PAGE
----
# Finitely generated subrings of $\mathbb{R}$ are finitely approximable

In Ivanov's Finite Approximability of Modular Teichmüller Groups, for the proof of Lemma 2, the following is stated:

Let $G$ be a finitely generated group and $\tau: G \to \operatorname{PSL}(2,\mathbb{R})$ be a homomorphism. [...] Since $G$ is finitely generated, $\tau(G) \subset \operatorname{PSL}(2,A)$ for some finitely generated ring $A \subset \mathbb{R}$. It is well known that such a ring is finitely approximable, i.e. for any $d \in A$, $d \neq 0$, there is an ideal $J$ such that $A/J$ is finite and $d \notin J$.

The reference given for this is:

Yu. I. Merzlyakov, Rational Groups [in Russian], Nauka, Moscow (1980)

Unfortunately, I am unable to find the original article or a translation, Google only comes up with other articles and textbooks using the same reference.

Could anyone point me to the article in question or maybe a different article where I could look up a proof for this fact?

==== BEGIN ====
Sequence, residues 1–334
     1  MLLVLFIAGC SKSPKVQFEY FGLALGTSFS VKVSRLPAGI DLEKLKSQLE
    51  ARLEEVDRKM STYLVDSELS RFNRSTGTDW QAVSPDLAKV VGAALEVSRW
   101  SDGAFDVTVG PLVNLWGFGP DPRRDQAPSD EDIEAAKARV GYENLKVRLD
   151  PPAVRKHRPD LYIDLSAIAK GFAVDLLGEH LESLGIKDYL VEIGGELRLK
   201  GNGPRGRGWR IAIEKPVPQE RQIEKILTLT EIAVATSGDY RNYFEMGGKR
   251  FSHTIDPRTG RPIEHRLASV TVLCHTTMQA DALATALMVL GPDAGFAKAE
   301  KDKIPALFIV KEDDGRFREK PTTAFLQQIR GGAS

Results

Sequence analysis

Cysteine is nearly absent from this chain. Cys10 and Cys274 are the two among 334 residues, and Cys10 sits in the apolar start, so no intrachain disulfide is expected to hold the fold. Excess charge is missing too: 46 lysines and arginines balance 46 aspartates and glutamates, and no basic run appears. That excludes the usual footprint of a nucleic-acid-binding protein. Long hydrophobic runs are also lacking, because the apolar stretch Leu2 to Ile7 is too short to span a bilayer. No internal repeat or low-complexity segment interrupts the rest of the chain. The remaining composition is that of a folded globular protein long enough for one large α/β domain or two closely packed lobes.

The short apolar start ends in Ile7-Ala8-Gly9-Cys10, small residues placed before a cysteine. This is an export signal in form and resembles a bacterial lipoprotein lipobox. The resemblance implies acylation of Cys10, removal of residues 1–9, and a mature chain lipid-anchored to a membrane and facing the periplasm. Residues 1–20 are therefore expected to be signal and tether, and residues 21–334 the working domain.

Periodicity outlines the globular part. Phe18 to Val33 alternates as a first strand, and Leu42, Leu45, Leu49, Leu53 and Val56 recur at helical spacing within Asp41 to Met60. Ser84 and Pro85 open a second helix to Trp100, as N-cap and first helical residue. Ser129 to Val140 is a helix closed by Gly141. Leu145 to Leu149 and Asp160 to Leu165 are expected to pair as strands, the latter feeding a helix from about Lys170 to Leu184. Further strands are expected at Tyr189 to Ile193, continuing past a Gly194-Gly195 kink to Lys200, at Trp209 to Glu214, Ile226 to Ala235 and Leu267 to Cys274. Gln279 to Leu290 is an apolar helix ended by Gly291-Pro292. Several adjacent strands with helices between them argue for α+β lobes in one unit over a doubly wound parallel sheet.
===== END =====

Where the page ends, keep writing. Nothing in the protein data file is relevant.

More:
EDIT: It has been pointed out to me that the original Russian version can be found by searching for "Merzlyakov gruppy Nauka 1980 djvu". Since I don't understand Russian, I was hoping to find a translation, or a different reference for the fact stated.

• It's now called "residually finite". "Finitely approximable" is used in other meanings.
– YCor
Apr 25, 2019 at 6:15

$A$ is a finitely generated integral domain. By the Nullstellensatz, its Jacobson radical vanishes (because its nilradical vanishes), meaning every nonzero element $a \in A$ avoids some maximal ideal, say $m$. By the Nullstellensatz again, $A/m$ is a finite field.
This argument shows more generally that any finitely generated linear group (subgroup of $GL_n(K)$ for $K$ a field) is residually finite, which is Malcev's theorem.